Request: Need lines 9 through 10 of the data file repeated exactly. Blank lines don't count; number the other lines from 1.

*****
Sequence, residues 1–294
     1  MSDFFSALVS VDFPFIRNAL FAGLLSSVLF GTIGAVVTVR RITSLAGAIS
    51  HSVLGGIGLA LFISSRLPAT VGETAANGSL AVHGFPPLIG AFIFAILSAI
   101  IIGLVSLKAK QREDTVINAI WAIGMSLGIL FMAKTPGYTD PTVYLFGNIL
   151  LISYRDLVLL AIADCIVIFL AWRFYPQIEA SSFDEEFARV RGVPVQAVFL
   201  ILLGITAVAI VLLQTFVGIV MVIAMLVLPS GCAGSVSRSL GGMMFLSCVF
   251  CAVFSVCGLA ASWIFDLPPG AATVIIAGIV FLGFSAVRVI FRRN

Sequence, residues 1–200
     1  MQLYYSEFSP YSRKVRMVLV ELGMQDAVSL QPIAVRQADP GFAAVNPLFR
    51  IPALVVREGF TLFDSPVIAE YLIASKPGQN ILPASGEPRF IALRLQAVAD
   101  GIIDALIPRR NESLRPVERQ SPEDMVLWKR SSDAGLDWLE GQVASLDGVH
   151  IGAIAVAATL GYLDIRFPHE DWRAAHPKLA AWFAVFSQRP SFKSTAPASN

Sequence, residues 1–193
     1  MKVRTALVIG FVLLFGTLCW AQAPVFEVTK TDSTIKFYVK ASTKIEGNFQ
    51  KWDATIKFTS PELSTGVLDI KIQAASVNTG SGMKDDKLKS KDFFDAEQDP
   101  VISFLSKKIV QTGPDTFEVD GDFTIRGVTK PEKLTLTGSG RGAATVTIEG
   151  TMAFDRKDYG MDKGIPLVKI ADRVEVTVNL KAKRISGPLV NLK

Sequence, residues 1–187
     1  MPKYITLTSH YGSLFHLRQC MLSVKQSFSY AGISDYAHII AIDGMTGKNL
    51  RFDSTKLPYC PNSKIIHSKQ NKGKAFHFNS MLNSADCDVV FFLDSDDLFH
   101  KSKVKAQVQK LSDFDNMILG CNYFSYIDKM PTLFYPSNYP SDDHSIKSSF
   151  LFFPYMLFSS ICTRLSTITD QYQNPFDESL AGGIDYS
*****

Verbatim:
     1  MQLYYSEFSP YSRKVRMVLV ELGMQDAVSL QPIAVRQADP GFAAVNPLFR
    51  IPALVVREGF TLFDSPVIAE YLIASKPGQN ILPASGEPRF IALRLQAVAD